Thanks for the tip! I'll be spending the season in Sonoma, right next door!Here's one for an eggnog lover and a sweet tooth! Kollar Chocolates offers Holiday Truffles featuring eggnog, among other flavors. Located in Yountville, they're in the heart of Napa Valley. A visit would be great after stops at all the nearby wineries
@AndyHall should like that....very piratical, considering he lives and writes about blockade runners off Galveston Island! Hey, Andy, how much grog can you carry in a baaaaaarge?
So you have some eggnog in the refrigerator! Now that's what I like to hear!Now that's a thought ! I might try that for breakfast tomorrow.
That's awesome MaryDee! If you visit Kollar Chocolates, please tell us what you think! Have a great trip!!Thanks for the tip! I'll be spending the season in Sonoma, right next door!
Look at you getting all serious on me! Who are you and what have you done with my bestie, Lori Ann? Just kidding! You know your stuff and you have a great sense of humor!!Egg nog used to have brandy or sherry in the recipe, according to food history professor Frederick Douglass Opie, and the purpose was to keep the drink from spoiling. But when it reached the US colonies in the 18th century, the much more affordable rum was used. (So you're all drinking The People's Nog. )
As for the name? It used to be called "egg-n-grog", which I think I now have to adopt.
"What about the name — eggnog? Opie writes that the term is a combination of two colonial slang words — rum was referred to as grog and bartenders served it in small wooden mugs called noggins. The drink first became known as egg-n-grog and later as eggnog."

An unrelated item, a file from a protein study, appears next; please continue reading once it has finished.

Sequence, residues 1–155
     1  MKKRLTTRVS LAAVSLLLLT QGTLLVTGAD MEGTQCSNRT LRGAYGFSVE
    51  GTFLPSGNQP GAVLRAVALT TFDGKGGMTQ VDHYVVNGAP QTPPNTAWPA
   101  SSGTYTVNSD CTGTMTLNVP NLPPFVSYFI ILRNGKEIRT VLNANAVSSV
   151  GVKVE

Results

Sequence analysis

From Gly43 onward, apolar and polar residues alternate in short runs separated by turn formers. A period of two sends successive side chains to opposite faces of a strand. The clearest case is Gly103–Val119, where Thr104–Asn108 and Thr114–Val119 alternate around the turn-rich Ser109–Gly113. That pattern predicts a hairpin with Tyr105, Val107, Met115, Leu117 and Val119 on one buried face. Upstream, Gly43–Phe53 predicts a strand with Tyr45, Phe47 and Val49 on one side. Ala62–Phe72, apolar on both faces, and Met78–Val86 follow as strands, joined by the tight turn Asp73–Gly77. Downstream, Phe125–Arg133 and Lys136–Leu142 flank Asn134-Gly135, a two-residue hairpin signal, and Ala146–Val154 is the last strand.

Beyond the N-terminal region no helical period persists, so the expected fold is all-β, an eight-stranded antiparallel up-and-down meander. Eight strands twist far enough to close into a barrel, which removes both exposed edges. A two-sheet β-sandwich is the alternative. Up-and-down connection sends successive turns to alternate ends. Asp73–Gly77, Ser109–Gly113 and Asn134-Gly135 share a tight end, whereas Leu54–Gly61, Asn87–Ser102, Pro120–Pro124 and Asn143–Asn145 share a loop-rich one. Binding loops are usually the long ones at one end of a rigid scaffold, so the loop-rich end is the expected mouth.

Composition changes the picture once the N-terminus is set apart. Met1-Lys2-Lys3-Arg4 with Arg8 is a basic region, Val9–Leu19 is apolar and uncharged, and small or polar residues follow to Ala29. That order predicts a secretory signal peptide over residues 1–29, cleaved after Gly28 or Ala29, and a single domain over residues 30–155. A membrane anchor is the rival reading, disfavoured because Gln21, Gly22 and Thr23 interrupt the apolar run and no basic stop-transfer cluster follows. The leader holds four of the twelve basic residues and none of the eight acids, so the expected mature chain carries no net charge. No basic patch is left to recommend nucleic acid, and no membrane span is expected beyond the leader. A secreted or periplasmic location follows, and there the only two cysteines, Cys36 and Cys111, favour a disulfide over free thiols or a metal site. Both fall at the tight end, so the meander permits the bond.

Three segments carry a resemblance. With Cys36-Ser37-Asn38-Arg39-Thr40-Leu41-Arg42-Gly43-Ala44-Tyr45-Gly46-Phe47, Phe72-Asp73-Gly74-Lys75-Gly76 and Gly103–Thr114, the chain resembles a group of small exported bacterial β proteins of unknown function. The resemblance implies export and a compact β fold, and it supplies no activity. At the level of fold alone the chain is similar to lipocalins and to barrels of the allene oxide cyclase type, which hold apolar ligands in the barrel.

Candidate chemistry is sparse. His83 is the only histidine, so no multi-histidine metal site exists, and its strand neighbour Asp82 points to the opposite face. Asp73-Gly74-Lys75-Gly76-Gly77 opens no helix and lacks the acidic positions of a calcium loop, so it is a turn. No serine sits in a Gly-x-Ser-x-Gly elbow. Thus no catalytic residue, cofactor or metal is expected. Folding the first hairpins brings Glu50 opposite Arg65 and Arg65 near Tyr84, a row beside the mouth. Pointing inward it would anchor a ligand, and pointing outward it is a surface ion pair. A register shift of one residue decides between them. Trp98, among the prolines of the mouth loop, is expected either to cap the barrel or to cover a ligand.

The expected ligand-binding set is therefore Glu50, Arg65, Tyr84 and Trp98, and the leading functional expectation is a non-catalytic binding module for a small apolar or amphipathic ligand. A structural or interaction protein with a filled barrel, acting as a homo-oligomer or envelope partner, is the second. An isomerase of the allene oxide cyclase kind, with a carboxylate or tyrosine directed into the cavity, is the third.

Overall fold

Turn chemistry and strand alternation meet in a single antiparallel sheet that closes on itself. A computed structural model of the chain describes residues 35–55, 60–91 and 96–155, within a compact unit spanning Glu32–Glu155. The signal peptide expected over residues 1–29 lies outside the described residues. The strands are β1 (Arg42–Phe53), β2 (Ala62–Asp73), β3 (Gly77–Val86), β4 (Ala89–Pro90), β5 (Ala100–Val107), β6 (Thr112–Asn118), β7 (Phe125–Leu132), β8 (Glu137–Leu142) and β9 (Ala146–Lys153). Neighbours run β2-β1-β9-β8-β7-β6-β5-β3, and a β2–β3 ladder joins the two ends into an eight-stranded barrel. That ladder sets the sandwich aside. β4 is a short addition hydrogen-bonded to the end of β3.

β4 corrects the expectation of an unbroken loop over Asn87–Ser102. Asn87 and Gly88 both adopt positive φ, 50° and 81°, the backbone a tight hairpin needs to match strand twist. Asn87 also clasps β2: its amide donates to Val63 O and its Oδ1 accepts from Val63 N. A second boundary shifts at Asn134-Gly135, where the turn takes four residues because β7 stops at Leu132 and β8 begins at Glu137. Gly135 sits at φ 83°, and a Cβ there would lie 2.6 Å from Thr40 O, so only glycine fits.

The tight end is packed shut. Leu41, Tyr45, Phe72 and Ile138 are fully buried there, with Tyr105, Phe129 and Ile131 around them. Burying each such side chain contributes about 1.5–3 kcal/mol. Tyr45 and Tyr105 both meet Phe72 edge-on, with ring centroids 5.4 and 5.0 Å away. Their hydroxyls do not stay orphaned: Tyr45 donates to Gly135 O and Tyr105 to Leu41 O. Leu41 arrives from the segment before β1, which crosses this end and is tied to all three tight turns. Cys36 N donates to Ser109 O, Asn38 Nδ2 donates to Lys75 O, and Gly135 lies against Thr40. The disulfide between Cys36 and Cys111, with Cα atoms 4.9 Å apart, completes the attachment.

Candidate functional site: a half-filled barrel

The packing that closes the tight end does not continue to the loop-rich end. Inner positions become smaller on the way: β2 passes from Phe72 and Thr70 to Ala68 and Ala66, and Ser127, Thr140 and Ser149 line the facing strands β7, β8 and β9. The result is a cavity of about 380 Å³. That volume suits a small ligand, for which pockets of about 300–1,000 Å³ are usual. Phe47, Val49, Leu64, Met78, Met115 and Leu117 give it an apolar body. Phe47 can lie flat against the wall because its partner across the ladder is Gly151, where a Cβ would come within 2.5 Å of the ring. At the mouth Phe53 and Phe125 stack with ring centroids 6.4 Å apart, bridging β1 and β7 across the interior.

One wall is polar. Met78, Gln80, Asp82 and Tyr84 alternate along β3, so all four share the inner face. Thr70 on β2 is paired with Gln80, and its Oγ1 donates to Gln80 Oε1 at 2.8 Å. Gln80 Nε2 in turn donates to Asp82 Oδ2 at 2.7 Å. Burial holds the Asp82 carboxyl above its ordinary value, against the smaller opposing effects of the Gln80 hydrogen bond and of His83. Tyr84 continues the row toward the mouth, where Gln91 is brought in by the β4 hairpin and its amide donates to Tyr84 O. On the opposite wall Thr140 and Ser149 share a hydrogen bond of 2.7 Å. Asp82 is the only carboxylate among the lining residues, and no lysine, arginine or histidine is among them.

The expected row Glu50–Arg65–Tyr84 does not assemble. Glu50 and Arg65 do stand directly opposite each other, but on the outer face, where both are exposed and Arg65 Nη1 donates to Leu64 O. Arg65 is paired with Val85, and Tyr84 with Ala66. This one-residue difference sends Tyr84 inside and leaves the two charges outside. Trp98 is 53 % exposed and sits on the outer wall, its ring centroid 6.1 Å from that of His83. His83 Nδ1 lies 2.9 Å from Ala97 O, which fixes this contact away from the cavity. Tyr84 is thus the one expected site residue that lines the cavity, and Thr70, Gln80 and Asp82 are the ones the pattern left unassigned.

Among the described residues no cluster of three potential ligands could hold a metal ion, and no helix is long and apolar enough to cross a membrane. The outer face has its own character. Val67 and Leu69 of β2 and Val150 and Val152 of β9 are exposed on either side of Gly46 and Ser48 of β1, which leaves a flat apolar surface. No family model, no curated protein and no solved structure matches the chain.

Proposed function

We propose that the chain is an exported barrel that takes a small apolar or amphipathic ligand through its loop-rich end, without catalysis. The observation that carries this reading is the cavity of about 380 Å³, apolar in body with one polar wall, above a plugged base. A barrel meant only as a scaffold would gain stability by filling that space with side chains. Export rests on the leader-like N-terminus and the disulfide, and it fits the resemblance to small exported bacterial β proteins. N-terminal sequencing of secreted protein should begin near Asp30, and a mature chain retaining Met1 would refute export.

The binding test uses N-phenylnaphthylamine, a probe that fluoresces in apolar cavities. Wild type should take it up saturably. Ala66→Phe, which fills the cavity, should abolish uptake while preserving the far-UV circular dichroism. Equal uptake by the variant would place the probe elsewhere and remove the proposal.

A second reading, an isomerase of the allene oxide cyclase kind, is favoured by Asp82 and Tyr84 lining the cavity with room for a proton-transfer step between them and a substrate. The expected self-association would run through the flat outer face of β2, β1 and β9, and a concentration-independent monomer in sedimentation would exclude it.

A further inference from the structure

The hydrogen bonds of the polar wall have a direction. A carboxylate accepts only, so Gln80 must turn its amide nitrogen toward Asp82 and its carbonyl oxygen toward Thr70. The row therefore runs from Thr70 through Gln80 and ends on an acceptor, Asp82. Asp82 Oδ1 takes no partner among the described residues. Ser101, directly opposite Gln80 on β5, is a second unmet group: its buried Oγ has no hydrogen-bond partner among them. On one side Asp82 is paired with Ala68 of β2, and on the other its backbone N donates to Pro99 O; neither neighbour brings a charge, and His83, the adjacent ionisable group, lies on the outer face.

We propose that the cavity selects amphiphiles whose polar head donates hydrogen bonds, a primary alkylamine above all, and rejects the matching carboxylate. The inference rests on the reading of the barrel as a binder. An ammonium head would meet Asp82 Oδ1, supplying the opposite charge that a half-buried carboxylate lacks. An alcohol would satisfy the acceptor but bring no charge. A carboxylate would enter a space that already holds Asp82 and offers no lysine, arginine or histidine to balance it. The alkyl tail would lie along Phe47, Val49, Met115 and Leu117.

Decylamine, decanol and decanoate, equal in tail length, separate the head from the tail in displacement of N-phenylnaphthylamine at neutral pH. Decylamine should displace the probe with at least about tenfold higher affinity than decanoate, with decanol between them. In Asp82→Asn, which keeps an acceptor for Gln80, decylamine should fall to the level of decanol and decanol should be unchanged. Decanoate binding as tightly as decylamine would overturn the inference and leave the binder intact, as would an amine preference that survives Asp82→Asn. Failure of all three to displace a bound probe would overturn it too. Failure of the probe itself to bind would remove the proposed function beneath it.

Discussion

Thanks for the post. Sounds like something I can drink to drown out the in laws.View attachment 169540I’ve often wondered why humans ever thought drinking a spiced and spiked egg-yolk-and-milk mixture was a good idea. I mean that just doesn’t sound very appetizing to me. Nonetheless, I was coaxed into trying it many years ago and it has become an essential part of my holidays. And I’m not alone. Eggnog has charmed drinkers for nearly a millennium.
Culinary historians still debate its exact lineage, but most agree eggnog originated from the early medieval Britain “posset,” a hot, milky, ale-like drink. Our forefathers certainly loved their holiday eggnog. George Washington even penned his own famous heavy-on-the-alcohol eggnog recipe. Unfortunately he must have enjoyed a few cups before he wrote it down because he forgot to record the exact number of eggs in his recipe. Cooks in his era estimated a dozen would do.
George Washington’s Heavy-on-the-Alcohol Eggnog
One quart cream, one quart milk, one dozen tablespoons sugar, one pint brandy, 1/2 pint rye whiskey, 1/2 pint Jamaica rum, 1/4 pint sherry—mix liquor first, then separate yolks and whites of eggs, add sugar to beaten yolks, mix well. Add milk and cream, slowly beating. Beat whites of eggs until stiff and fold slowly into mixture. Let set in cool place for several days. Taste frequently.
There are lots of variations on eggnog today. Please share some of your favorites!
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